1 California Hazardous Materials Spill / Release Notification Guidance To Report all significant releases or threat- ened releases of Hazardous Materials : First Call: 9-1-1. (or local emergency response agency). Then Call: Cal OES State Warning Center (800) 852 - 7550 or (916) 845 - 8911. February 2014. Edmund G. Brown Jr., Governor Mark S. Ghilarducci, Director Revised by: Trevor Anderson, Bill Potter & Jon Kolman Layout by: Jon Kolman February 2014. This guidance summarizes pertinent emergency notification requirements. For precise legal requirements, review specific laws and regulations. This guidance applies to all significant re- leases of Hazardous Materials . Refer to the Safe Drinking Water Act of 1986, better known as Proposition 65, and 9030 of the California Labor Code for additional reporting requirements. The State of California makes no warranty, expressed or im- plied, and assumes no liability for omissions or errors con- tained in this publication.
2 Spill OR Release NOTIFICATION. Q: What are the emergency notification requirements in case of a Spill or Release of Hazardous Materials ? A: All significant releases or threatened releases of a Hazardous material, including oil and radioactive Materials , require emer- gency notification to government agencies. The law specifies: Who must notify What information is needed Which government agencies must be notified When must government agencies be notified Release quantity or basis for the report WHO MUST NOTIFY. Q: Who is obligated to notify? A: Requirements for immediate notification of all significant spills or threatened releases cover: Owners Operators Licensees Persons in Charge Employers Notification is required regarding significant releases from: Facilities Vehicles Vessels Pipelines Railroads State law: Handlers, any employees, authorized representa- tives, agent or designees of handlers shall, upon discovery, im- mediately report any Release or threatened Release of Hazardous Materials (Health and Safety Code 25510).
3 Federal law: Notification to the National Response Center is required for all releases that equal or exceed federal reporting quantities: (EPCRA) Owners and Operators to report, and (CERCLA) Person in Charge to report 3. WHEN TO NOTIFY. Q: When must emergency notification be made? A: All significant spills or threatened releases of Hazardous Materials , including oil and radioactive Materials , must be im- mediately reported. Notification shall be made by telephone. Also, written Follow-Up Reports (Section 304) are required within 7 days if the Release equals or exceeds the Federal Re- portable Quantities. (see web site for more information). WHAT INFORMATION. Q: What information is required? A: State notification requirements for a Spill or threatened Release include (as a minimum): Identity of caller Exact location, date and time of Spill , Release or threatened Release Location of threatened or involved waterway or stormdrains Substance, quantity involved, and isotope if necessary Chemical name (if known, it should be reported if the chemical is extremely Hazardous ).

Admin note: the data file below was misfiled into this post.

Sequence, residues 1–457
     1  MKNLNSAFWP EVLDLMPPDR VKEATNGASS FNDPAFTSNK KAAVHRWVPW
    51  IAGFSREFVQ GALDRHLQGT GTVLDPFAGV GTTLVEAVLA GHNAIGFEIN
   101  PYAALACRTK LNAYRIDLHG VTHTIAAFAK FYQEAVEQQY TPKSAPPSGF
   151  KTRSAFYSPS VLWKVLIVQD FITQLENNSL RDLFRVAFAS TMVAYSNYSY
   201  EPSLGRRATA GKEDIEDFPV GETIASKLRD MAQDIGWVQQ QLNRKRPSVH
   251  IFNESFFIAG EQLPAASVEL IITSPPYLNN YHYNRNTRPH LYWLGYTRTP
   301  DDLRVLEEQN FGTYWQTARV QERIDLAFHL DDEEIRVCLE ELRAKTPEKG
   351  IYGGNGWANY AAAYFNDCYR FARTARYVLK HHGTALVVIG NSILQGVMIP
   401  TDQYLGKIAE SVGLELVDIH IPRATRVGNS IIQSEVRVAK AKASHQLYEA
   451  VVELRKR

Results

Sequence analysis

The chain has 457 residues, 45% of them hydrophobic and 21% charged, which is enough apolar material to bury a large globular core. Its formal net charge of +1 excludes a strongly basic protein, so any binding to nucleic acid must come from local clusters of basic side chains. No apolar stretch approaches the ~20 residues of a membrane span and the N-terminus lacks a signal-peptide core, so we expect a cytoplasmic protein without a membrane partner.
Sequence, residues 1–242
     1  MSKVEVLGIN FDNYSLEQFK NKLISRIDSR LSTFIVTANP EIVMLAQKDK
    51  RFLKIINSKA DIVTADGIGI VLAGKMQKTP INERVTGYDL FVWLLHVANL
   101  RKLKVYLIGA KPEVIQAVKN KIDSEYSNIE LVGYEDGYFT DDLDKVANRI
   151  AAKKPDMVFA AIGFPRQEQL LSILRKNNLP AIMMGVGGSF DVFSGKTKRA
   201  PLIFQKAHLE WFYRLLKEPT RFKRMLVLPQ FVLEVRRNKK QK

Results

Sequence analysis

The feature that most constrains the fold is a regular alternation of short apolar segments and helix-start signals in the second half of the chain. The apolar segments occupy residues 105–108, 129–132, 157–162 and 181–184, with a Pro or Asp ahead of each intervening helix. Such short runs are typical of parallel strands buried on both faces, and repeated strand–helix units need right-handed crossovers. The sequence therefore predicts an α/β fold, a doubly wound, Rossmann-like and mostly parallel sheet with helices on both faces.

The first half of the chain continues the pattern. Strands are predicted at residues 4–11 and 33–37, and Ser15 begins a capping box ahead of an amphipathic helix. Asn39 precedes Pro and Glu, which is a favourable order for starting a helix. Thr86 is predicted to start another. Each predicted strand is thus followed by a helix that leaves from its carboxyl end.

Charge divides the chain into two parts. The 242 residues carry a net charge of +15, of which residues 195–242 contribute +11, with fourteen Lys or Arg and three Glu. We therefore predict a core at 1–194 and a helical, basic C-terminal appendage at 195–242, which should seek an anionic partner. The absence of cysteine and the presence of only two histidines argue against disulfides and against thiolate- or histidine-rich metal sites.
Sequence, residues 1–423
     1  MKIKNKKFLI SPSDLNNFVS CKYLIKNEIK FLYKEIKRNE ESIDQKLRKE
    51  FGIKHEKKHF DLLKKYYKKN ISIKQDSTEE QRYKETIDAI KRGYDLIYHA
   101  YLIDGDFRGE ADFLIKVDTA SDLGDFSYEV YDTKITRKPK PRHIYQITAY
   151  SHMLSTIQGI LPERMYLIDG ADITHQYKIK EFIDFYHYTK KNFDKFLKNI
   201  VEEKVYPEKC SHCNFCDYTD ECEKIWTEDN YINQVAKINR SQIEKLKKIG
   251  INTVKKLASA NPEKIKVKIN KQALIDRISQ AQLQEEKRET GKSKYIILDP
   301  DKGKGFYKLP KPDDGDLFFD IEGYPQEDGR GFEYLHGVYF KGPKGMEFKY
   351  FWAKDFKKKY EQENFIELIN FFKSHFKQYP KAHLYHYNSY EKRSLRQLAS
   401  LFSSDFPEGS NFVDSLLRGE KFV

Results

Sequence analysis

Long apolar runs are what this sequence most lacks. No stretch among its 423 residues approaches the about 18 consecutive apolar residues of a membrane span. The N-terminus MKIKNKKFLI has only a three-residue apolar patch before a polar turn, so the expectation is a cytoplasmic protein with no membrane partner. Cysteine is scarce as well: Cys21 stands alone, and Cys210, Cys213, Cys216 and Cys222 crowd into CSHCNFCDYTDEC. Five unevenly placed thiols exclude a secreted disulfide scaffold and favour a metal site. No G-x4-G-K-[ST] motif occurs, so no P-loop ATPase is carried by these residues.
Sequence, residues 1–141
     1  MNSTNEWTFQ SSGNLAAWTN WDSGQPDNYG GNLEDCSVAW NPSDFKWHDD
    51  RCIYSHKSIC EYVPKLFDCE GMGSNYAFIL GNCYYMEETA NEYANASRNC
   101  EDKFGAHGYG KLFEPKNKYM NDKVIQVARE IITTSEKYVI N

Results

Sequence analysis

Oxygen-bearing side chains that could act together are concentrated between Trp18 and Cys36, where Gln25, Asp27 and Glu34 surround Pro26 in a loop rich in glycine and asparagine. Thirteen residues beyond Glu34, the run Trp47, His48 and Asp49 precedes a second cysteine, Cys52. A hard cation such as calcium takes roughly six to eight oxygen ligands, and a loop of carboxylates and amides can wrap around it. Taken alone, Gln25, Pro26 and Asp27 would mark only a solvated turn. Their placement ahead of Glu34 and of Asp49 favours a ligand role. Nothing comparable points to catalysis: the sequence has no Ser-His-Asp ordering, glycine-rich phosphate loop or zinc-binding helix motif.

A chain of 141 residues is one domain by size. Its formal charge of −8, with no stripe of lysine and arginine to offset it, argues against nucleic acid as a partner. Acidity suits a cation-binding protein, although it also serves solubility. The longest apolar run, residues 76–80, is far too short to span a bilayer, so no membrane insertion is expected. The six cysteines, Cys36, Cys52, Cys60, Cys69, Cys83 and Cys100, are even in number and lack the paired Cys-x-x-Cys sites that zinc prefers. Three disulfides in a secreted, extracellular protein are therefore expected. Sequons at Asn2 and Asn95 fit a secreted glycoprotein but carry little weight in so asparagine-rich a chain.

4 Description of what happened Federal notification required additional information for spills (CERCLA chemicals) that exceed federal reporting require- ments, which includes: Medium or media impacted by the Release Time and duration of the Release Proper precautions to take Known or anticipated health risks Name and phone number for more information 4. WHICH AGENCIES. Q: Who must be notified? A: Notification must be given to the following agencies: The Local Emergency Response Agency 9-1-1 or the local Fire Department The Local Unified Program Agency (UPA), if different from local fire. Note: The UPA may designate a call to the 9-1-1 emergency number as meeting the requirement for notifying the UPA. Phone:_____. enter local number And The California Governor's Office of Emergen- cy Services, California State Warning Center: Phone (800) 852-7550 or (916) 845-8911. And, if appropriate: The California Highway Patrol: Phone: 9-1-1.
5 (The California Highway Patrol must be notified for spills oc- curing on highways in the State of California . (CVC )). 5. In Addition, as necessary, one or more of the following: National Response Center If the Spill equals or exceeds CERCLA Federal Report- able Quantities, Phone: (800) 424-8802. United States Coast Guard Waterway Spill / Release Sectors: San Francisco: (415) 399-3547. Los Angeles/Long Beach: (310) 521-3805. San Diego: (619) 278-7033. California Occupational Safety and Health Administra- tion (Cal/OSHA). For serious injuries or harmful exposures to workers, contact the local Cal/OSHA District Office California Department of Health Services, Radiological Health Branch All radiological incidents, contact the California State Warning Center Department of Toxic Substances Control (DTSC). Hazardous waste tank system releases, and secondary containment containment releases, contact the appropri- ate DTSC Regional Office Department of Conservation Division of Oil, Gas, and Geothermal Resources (DOG GR) Release of Oil and Gas at a Drilling and Production Facility, contact the appropriate DOGGR Office Public Utilities Natural Gas Pipeline Releases, contact the Public Utilities Commission (PUC).